More ships carrying livestock are currently approaching the Suez Canal, Paun said.
“We are sitting in front of a major tragedy if the channel is not released in the next 24 hours because there are vessels that will run out of [livestock] food and water in the next two days,” Paun said.
Some ships have food and water for six more days and “if decide today to return to Romania, then they have a chance — but if the blockade lasts between two and six more days we will have a disaster,” Paun added.
One ship carrying livestock, the Nabolsi, has been sailing for 21 days after departing from Colombia on March 6, and is now awaiting passage by the blocked canal with animals on board, Marine Traffic spokesman Georgios Hatzimanolis said.
More than 18,800 ships with a net tonnage of 1.17 billion tonnes passed through the canal during 2020. That’s an average of 51.5 ships per day.
At least 10 ships, including oil and LNG tankers and container ships, had rerouted away from the canal as of Friday, according to Marine Traffic and data intelligence firm Kpler.
“There are already now multiple ships … bypassing [the route from the Mediterranean into the canal] and are now going south … it is the right point in time to make that decision,” said Lars Jensen, the head of Sea Intelligence Consulting, a firm provides consultancy to the shipping industry.
“So for now, it will appear that the vessels that are waiting in line [in the canal], would simply cross [their] fingers and hope that this will be resolved,” he added.
The Indian government on Friday said it had advised its shipping lines to explore the option of rerouting of ships via the Cape of Good Hope in South Africa while the situation in the canal is resolved, according to a statement from the Indian Ministry of Commerce and Industry.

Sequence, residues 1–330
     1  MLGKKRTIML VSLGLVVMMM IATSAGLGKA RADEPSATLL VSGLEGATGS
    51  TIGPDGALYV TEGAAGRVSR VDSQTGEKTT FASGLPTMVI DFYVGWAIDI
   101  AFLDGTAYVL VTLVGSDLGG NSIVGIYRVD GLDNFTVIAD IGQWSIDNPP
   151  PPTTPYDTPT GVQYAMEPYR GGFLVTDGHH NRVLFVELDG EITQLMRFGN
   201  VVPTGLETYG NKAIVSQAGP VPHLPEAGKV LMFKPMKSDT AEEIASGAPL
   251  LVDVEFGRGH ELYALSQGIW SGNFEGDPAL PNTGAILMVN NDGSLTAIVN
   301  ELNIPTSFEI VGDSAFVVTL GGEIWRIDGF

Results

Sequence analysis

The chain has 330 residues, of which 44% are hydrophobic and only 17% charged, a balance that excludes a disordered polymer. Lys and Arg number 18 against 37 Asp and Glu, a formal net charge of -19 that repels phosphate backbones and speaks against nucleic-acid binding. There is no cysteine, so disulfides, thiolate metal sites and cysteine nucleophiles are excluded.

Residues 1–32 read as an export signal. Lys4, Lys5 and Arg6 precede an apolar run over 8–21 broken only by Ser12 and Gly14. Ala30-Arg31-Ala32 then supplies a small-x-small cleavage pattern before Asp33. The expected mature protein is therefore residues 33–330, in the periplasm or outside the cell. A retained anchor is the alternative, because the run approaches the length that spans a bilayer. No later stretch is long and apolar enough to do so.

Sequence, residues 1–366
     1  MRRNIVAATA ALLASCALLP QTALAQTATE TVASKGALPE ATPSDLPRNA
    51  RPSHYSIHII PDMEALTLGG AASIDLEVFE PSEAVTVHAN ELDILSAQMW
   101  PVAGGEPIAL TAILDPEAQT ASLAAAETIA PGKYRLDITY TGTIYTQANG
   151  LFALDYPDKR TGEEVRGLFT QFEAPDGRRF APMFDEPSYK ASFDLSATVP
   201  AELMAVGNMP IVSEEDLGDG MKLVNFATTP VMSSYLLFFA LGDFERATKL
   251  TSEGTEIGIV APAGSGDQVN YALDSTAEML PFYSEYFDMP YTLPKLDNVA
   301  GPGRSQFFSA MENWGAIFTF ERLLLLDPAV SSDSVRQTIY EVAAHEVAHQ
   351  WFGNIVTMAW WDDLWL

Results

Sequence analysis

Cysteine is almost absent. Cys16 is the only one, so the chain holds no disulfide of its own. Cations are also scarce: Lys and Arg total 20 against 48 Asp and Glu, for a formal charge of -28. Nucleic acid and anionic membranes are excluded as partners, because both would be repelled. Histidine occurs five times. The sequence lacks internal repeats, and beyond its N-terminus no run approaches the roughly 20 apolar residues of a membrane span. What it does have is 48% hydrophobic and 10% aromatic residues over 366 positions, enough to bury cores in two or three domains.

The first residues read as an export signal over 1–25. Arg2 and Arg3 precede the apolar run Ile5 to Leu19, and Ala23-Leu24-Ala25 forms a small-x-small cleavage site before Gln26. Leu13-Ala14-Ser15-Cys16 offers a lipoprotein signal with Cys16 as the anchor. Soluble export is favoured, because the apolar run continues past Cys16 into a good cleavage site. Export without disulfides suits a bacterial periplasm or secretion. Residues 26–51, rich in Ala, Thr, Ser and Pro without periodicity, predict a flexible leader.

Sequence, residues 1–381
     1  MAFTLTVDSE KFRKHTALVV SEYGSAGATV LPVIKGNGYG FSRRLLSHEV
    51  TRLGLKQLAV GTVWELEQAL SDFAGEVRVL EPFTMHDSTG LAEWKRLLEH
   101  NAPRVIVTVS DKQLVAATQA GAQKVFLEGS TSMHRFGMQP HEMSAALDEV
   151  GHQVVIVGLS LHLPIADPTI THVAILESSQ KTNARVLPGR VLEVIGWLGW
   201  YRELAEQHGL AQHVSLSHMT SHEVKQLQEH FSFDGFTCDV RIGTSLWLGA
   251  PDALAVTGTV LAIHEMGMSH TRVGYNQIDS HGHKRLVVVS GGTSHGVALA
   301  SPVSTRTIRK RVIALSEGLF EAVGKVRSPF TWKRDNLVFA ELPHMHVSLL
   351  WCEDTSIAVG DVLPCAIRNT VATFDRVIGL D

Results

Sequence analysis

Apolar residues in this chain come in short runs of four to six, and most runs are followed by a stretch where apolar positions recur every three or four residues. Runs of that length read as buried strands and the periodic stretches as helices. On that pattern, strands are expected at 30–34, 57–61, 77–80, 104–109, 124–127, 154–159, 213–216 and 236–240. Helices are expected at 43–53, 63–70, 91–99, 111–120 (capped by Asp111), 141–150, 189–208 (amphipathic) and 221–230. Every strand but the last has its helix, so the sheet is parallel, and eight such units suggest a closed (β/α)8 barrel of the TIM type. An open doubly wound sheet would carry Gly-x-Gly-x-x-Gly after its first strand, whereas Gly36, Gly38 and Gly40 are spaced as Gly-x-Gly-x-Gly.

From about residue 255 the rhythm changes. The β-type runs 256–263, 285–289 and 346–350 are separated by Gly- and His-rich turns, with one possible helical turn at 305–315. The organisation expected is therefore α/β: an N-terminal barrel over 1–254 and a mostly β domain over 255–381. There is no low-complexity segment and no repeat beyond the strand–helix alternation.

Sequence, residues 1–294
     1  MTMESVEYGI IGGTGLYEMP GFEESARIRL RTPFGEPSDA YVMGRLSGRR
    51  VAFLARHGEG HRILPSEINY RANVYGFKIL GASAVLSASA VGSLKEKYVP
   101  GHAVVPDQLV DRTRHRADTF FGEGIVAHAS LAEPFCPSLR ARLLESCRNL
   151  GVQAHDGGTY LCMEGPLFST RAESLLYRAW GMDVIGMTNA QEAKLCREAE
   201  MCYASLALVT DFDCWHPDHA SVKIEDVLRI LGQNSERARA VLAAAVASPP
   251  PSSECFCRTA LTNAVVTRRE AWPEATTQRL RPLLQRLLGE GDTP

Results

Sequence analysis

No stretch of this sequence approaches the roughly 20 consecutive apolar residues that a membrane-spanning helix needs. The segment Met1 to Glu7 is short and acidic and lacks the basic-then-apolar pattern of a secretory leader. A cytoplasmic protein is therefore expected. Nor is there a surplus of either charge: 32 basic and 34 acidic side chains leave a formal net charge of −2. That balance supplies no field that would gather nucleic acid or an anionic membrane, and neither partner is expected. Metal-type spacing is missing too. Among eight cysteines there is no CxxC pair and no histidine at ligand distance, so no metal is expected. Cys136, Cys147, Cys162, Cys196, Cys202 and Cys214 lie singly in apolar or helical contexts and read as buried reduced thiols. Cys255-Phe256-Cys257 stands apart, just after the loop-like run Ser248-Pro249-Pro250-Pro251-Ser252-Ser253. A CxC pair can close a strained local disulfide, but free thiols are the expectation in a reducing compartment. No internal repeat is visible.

It noted that such rerouting usually takes 15 additional days.
This Suez Canal route is used by Indian exporters and importers for trade worth $200 billion with North America, South America and Europe, the statement said. The ministry added that it would identify and prioritize perishable cargo for movement.
Even before the Ever Given ran aground, global supply chains were being stretched to the limits, making it much more expensive to move goods around the world and leading to shortages of some products. A prolonged closure of the key route between Asia, Europe and North America would only make matters worse.
Discussing the issue of potential damages claims, Toshiaki Fujiwara, senior managing director of Shoei Kisen KK, said Friday that “the company has not received any claims at this point,” adding that “it may take one [to] two or several years to come up with those details.”
Evergreen Marine, the Taiwanese company which operates the ship, has claimed that Shoei Kisen KK bears responsibility for the accident, Fujiwara confirmed.
Magdy Samaan reported from Cairo, Mostafa Salem from Abu Dhabi and Mick Krever from London, while Laura Smith-Spark wrote in London. CNN’s Jessie Yeung, Sugam Pokharel, Tim Lister and Pamela Boykoff contributed to this report.